The fan response to Netflix’s The Witcher was very diverse. From love to hate and everything in between. The aspect that was discussed more than others among fans was the writing and various writing decisions. Showrunner Lauren S. Hissrich offers a look into her practise of hiring writers for the show.
“When writing an adaptation, are the best writers always the ones most familiar with the world?”, she started. “Yes. And equally importantly, no.”
She continued: “Let me back up. When you write an adaptation, you have to be familiar with the original work. Yes. Of course. The writers and staff on The Witcher had to read all of the books, and had to appreciate/enjoy the genre. But I specifically didn’t seek out ten Sapkowski scholars.”
“Instead”, Lauren elaborated, “I found several writers who were intimately familiar with the characters and themes and politics of the Continent. Some grew up with these stories and provided rich detail and insight into not just the books, but the history behind them.”
Lauren then went on to explain why it was vital to also have writers who were a little more distant than, for example, executive producer Tomek Baginski: “it was equally important to have writers in the room who were able to question the “givens” in the books. Who could say, “Why do people hate the elves so much?” or “Wait, I still don’t understand Ciri’s bloodline. How do we examine it in a clearer way for the tv audience?”‘
She added: “In simplest form, we need writers fighting for the spirit of the books, and the intention of the author. And also writers who know that novels can’t be a 1:1 adaptation to tv, because characters can’t speak for hours on end without interruption (lookin at you Geralt and Iola.)”
Finally, Lauren concluded: “We need writers who are close, but not too close. Who love the world, but aren’t afraid to question it. Who are fans, but are willing to step back and open their minds, in order to bring their beloved world to our real (big) one. I hope we did that.”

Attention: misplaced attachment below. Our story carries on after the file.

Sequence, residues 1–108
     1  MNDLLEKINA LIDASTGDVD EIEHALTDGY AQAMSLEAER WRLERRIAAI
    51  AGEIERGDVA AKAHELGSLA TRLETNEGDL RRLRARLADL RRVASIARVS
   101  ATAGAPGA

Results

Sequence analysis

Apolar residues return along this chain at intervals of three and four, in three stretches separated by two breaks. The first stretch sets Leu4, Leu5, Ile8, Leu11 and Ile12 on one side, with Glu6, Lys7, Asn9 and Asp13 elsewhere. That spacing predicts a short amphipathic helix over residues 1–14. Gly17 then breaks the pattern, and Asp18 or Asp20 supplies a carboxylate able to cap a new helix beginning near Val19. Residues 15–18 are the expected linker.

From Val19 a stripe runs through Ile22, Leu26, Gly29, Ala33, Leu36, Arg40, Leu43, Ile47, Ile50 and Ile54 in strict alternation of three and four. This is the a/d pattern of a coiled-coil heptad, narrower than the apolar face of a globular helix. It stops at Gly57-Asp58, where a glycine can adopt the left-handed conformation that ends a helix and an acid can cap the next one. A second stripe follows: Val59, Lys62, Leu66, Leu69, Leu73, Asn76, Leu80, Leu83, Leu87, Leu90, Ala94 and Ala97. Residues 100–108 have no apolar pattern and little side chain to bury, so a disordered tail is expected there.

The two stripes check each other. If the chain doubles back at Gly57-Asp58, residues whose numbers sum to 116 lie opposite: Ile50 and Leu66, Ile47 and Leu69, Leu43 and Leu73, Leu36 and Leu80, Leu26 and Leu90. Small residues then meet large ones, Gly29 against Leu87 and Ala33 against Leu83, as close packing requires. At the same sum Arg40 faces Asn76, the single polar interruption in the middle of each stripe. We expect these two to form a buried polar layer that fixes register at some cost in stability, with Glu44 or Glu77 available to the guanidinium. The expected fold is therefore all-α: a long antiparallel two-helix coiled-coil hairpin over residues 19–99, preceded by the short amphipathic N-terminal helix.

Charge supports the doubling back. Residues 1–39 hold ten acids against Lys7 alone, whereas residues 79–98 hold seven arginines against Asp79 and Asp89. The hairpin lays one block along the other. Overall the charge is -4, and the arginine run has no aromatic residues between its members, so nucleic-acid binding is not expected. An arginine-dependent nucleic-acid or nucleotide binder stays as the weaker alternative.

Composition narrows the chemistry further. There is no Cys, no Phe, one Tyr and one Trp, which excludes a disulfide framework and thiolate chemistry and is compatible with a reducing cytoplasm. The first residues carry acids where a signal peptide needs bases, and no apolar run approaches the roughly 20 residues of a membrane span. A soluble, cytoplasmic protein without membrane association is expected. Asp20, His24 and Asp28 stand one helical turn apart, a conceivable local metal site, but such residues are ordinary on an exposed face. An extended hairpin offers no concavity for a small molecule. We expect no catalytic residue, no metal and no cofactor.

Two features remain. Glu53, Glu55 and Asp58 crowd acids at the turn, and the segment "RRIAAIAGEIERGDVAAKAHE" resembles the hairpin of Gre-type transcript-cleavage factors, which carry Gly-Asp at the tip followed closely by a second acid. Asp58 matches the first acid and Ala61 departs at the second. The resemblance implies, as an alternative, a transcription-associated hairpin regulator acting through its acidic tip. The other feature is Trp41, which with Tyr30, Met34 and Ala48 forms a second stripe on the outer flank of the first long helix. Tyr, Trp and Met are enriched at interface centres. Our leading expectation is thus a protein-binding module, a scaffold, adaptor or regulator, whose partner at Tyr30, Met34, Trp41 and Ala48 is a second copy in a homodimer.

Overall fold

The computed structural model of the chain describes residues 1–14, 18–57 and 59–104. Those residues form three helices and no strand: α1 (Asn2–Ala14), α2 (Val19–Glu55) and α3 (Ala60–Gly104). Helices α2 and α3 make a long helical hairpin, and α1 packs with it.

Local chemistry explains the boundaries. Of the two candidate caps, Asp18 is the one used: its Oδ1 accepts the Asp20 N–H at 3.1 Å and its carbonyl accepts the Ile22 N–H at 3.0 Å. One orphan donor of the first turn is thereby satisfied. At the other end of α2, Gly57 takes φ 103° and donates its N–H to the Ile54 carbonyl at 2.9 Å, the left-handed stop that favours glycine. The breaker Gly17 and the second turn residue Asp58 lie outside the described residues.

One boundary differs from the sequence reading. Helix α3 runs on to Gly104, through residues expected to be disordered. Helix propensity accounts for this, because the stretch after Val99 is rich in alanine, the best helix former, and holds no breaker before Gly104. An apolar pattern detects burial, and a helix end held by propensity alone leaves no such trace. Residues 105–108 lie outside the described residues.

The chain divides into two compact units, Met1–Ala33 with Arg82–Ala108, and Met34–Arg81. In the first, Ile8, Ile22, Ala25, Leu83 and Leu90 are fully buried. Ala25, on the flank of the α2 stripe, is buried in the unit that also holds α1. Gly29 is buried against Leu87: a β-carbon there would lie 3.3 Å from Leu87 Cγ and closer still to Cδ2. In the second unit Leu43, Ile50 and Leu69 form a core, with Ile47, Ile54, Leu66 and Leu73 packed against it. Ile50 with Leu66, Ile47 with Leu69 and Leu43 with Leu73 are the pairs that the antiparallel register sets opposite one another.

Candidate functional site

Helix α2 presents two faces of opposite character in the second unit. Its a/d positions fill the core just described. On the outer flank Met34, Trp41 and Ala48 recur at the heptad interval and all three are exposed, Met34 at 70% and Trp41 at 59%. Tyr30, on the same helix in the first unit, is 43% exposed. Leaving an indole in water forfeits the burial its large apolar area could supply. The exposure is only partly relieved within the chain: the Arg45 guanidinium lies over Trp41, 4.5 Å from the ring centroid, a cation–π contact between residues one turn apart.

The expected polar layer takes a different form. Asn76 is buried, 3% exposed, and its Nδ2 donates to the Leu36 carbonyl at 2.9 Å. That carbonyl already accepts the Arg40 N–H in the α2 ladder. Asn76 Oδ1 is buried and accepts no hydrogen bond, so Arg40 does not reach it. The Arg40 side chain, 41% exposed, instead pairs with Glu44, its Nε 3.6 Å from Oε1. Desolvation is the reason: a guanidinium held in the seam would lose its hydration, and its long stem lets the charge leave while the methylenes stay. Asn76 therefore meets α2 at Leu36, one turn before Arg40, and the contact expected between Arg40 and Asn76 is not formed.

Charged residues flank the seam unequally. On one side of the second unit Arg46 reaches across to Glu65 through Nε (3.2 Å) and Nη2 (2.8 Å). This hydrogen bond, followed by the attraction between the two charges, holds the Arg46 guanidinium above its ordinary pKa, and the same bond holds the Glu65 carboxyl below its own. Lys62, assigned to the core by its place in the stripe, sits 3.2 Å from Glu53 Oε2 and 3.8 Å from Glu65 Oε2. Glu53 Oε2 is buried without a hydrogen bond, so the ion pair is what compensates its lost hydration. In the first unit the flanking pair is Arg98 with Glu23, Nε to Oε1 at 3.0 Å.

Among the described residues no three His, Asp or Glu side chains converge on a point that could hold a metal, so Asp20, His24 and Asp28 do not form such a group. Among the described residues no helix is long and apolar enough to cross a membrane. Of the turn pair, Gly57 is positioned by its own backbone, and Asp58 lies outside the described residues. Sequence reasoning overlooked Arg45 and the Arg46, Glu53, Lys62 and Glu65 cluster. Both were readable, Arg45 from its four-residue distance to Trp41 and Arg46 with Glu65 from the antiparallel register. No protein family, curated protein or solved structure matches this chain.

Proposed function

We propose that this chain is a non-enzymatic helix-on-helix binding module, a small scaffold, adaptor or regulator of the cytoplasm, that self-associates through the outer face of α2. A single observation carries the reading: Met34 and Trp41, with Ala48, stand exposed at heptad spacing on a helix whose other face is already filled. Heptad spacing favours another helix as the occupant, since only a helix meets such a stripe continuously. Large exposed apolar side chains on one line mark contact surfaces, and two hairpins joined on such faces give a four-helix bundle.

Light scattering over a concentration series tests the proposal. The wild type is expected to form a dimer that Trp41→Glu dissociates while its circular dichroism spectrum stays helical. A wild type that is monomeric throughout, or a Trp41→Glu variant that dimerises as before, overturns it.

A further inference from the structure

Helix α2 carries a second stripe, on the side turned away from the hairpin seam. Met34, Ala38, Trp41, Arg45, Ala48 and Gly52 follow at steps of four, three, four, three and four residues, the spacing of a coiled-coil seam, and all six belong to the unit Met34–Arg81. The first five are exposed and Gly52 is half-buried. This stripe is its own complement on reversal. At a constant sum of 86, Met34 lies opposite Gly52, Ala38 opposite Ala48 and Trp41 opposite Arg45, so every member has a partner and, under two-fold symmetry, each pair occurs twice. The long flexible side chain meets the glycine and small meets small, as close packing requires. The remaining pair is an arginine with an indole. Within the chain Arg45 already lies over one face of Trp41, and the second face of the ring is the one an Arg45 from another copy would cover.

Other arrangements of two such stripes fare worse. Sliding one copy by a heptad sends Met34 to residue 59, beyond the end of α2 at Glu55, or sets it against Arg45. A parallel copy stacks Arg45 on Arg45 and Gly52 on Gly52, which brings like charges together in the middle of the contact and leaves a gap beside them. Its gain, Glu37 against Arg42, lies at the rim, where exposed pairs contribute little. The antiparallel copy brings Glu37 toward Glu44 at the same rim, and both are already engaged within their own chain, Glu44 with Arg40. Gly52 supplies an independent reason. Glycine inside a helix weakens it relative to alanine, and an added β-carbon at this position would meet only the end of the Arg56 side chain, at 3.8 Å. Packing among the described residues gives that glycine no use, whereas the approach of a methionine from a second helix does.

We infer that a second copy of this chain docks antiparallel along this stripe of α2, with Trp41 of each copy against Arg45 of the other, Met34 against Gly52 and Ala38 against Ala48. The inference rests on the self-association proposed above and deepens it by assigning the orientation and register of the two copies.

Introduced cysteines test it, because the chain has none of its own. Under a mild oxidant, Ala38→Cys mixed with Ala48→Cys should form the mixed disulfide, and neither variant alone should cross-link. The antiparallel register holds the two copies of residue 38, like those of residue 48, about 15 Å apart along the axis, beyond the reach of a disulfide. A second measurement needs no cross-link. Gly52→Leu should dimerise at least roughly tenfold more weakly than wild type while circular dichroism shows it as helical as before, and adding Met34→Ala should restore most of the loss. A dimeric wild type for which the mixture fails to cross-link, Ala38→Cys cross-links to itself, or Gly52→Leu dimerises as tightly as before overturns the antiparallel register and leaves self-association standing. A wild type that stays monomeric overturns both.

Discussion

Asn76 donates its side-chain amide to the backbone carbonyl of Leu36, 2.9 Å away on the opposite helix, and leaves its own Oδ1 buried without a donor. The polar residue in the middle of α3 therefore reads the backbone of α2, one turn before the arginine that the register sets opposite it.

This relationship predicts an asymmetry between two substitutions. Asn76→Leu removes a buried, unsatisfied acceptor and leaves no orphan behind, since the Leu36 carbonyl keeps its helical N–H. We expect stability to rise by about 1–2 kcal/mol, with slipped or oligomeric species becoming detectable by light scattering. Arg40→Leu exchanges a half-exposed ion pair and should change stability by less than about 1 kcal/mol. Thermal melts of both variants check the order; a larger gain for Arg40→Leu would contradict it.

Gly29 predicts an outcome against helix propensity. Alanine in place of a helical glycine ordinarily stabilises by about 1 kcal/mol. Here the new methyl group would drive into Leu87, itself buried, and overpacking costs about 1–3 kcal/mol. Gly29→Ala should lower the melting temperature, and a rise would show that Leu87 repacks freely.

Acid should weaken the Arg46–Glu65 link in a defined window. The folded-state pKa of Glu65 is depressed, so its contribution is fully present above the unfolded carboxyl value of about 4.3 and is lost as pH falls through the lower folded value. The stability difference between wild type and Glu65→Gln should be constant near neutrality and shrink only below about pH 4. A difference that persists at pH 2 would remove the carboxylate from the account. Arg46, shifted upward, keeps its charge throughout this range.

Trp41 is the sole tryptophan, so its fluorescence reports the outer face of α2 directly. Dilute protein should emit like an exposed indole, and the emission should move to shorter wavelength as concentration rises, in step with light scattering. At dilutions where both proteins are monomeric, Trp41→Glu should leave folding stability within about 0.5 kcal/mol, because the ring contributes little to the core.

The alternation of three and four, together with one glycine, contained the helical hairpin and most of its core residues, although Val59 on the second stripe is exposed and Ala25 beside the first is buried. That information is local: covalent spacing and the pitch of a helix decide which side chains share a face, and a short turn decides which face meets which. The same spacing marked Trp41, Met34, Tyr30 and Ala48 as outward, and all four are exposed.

Earlier, Lauren offered a look into her other criteria for hiring The Witcher‘s writing staff.
“When hiring writers for The Witcher, there were several factors I looked at to make sure we were getting the best possible team. In no particular order:
- A spectrum of writing experience: people who’d been at it for 20 years and those who were brand new. It’s part of my job to mentor the next generation of writers, just as I was once trained. But I also need people who know television structure and production inside and out.
- A spectrum of life experience. This is where diversity comes in. A POC has different experiences than a white person; men different than women; straight different than gay. Add in immigrants, adoptees, parents, the list goes on. Varied life experiences make the show richer.
- A spectrum of genre experience. Everyone had to read and love the books. But we needed more than hardcore fantasy nerds. I hired writers with experience in horror, action, romance, politics. The Witcher is many things. There is only one Sapkowski, who is good at them all.
- No assholes. There’s not a spectrum there. Don’t be a dick.
- And finally, talented writers…as defined by me. I read writers blind (without their names) first. Either the writing grabbed me, or it didn’t. If it did, it went in a “yes please” pile. Once I had that pile, I looked at all the other qualifications above and made my choice.
The Witcher Season 2 is currently halted, but work is underway to resume filming in the coming weeks. Find out more about that here.